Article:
A Sustainable Solution
Bees play an important role in sustainability within agriculture. Their pollinating services are worth around £600 million a year in the UK in boosting yields and the quality of seeds and fruits. The UK had approximately 100,000 beekeepers in 1943 however this number had dropped to 44,000 by 2010. Fortunately, in recent years there has been a resurgence of interest in beekeeping which has highlighted a need for a product that allows beekeepers to explore and extend their knowledge and capabilities through the use of modern, accessible technology.
LiveHive allows beekeepers to view important information about the state of their hives and receive alerts all on their smartphone or mobile device. The social and sharing side of the LiveHive is designed to engage and support new beekeepers and give them a platform for more meaningful help from their mentors. The product also allows data to be recorded and analysed aiding national/international research and furthering education on the subject.
The LiveHive Model
The LiveHive Solution integrates three services – hive monitoring, hive inspection and a beekeeping forum offering access to integrated data and enabling the exchange of data.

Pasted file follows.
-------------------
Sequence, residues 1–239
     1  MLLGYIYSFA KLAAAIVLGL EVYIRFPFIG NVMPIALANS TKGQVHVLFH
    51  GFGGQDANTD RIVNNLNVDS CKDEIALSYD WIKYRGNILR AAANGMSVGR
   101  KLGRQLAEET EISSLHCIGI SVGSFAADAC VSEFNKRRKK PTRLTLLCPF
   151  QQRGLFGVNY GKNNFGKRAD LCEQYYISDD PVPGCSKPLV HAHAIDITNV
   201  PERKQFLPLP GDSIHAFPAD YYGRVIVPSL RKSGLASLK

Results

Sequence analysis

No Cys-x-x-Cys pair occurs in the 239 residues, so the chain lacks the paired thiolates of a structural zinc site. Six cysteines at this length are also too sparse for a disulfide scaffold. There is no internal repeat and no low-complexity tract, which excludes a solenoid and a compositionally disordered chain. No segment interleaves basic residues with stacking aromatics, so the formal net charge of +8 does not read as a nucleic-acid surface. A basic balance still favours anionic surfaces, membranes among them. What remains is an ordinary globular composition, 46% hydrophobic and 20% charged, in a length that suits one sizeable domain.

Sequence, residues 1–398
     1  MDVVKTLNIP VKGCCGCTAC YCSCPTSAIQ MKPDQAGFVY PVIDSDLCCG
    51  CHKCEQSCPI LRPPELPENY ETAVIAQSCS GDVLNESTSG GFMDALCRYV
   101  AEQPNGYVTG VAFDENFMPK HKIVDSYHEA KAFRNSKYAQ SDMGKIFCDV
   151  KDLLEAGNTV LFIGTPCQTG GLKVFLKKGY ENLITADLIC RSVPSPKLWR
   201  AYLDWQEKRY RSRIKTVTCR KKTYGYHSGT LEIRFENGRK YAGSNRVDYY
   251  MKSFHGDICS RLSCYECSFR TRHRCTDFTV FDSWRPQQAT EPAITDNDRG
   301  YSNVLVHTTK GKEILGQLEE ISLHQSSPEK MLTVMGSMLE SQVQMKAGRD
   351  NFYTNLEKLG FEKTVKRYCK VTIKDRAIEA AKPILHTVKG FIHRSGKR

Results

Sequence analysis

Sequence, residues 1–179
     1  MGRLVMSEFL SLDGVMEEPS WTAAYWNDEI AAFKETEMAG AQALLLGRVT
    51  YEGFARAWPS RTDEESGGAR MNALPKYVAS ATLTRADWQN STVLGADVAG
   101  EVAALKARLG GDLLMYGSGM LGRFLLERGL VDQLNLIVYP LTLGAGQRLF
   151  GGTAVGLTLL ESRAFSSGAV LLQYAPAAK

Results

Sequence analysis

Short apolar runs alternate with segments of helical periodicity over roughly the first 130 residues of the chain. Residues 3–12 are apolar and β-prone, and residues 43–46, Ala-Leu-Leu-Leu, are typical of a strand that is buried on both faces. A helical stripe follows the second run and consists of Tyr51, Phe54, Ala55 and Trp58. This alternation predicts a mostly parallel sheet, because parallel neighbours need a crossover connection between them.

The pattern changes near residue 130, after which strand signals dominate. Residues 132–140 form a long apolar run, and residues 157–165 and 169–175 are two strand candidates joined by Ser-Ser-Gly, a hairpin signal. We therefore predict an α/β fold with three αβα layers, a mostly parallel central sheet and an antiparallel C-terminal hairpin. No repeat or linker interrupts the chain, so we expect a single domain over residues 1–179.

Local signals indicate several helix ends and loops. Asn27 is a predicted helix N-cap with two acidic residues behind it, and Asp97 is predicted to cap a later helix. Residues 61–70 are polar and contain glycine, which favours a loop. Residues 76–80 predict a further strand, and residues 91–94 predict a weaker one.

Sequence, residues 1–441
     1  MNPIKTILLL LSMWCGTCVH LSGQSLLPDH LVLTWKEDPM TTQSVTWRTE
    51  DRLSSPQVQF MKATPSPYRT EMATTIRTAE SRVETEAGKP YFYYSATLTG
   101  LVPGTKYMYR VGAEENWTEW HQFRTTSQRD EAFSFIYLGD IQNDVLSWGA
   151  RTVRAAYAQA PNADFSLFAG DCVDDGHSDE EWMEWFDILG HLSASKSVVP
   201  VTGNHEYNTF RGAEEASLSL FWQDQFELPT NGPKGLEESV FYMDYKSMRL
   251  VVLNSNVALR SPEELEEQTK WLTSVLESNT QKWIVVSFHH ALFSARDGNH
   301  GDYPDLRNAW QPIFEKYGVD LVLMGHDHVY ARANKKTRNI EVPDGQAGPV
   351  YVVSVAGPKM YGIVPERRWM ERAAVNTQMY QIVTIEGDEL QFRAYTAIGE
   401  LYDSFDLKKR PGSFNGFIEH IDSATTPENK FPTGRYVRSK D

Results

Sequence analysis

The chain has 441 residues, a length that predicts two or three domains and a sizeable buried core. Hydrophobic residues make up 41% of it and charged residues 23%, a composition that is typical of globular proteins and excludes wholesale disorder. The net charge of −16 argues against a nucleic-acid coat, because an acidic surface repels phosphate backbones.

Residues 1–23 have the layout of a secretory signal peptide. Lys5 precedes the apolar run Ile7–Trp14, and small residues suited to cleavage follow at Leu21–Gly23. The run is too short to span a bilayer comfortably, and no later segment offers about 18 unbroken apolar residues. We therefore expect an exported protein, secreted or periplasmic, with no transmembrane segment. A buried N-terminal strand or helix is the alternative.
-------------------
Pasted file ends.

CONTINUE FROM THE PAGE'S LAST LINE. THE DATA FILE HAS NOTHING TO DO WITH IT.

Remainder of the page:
“As a novice beekeeper I’ve observed firsthand how complicated it is to look after a colony of bees. When asking my mentor questions I find myself having to reiterate the details of the particular hive and history of the colony being discussed. The mentoring would be much more effective and valuable if they had access to the background and context of the hives scenario.”
LiveHive integrates the following components:
Technology Sensors: to monitor conditions such as temperature and humidity in a bee hive, transmitting the data to Azure cloud for reporting.
Human Sensors: a Smartphone app that enables the beekeeper to record inspections and receive alerts.
Sharing Platform: to allow the novice beekeeper to share information with their mentors and connect to a forum where beekeepers exchange knowledge, ideas and experience. They can also share the specific colony history to help members to understand the context of any question.
How does it actually work?